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Question:

From Levering, Michigan, USA:

My daughter was diagnosed with type 1 diabetes at age 5, about eight months ago. Since being diagnosed, we have noticed a big behavior change in her. She will get very whiny, yell all the time, not listen a lot of times, and doesn't cooperate a lot of times. In school, she has been doing defiant things like drawing on other students' work and putting glue on the carpet, just to name a few. She never did this kind of stuff before and her behavior was normal. The school set up a behavior plan, which our doctor said wasn't necessary. They make it sound like they don't think the behavior stems from the type 1 diabetes. I have done a lot of reading on this and it sounds like blood sugar extremes, high or low, affect behavior. Is this true? Can your sugar affect your thinking, learning, and behavior? I feel the school needs to get educated on this matter because they don't know enough about it!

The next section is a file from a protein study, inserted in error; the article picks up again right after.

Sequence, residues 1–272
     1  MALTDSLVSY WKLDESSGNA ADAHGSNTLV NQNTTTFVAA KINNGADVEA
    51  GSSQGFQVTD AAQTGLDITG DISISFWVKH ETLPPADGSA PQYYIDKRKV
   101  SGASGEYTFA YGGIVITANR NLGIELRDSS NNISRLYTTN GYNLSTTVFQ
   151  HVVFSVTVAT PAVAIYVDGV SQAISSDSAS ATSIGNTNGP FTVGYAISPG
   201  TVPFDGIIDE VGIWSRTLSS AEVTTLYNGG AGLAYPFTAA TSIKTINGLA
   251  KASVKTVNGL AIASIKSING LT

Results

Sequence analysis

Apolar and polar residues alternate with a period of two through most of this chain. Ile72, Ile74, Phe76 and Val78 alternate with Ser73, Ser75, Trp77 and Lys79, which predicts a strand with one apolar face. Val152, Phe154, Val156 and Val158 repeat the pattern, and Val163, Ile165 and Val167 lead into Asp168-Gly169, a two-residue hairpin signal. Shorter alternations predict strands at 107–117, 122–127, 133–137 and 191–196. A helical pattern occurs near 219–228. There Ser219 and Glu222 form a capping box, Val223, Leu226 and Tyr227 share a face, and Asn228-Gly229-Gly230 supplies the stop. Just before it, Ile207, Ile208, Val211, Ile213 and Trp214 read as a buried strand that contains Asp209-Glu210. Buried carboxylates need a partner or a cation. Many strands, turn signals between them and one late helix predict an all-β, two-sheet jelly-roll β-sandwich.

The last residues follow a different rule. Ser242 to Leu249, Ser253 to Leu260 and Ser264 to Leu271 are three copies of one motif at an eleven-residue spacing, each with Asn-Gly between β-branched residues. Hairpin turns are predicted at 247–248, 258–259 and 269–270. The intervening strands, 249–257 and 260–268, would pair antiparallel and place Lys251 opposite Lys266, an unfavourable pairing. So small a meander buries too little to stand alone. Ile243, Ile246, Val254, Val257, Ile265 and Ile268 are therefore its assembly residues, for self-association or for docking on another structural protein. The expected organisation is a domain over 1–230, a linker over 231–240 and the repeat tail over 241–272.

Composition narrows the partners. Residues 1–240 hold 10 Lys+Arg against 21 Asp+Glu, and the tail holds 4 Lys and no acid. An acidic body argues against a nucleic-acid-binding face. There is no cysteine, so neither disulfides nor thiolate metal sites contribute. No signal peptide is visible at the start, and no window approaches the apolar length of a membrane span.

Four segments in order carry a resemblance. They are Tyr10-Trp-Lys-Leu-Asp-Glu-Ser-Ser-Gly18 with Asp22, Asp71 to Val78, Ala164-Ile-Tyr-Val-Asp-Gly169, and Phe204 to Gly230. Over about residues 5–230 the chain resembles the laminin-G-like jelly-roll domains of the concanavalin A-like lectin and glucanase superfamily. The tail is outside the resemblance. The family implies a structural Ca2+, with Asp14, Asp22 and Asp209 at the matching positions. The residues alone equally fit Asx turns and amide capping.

Answer:

While it is true that out of range blood sugars can impact behaviors, they are not typically as goal-driven and oppositional as what you are describing for your daughter. It is more likely that these behaviors are not blood sugar related. However, it is very important to figure that out, by checking her blood sugars more frequently, especially when she engages in behaviors that are of concern. This is important, not to punish her, but to gather the necessary information to determine if she needs medical care (e.g., glucose to bring sugars up or more insulin to bring them down).

JWB

DTQ-20110825174258
Original posting 30 Aug 2011
Posted to Behavior

  
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Last Updated: Tuesday August 30, 2011 19:53:02
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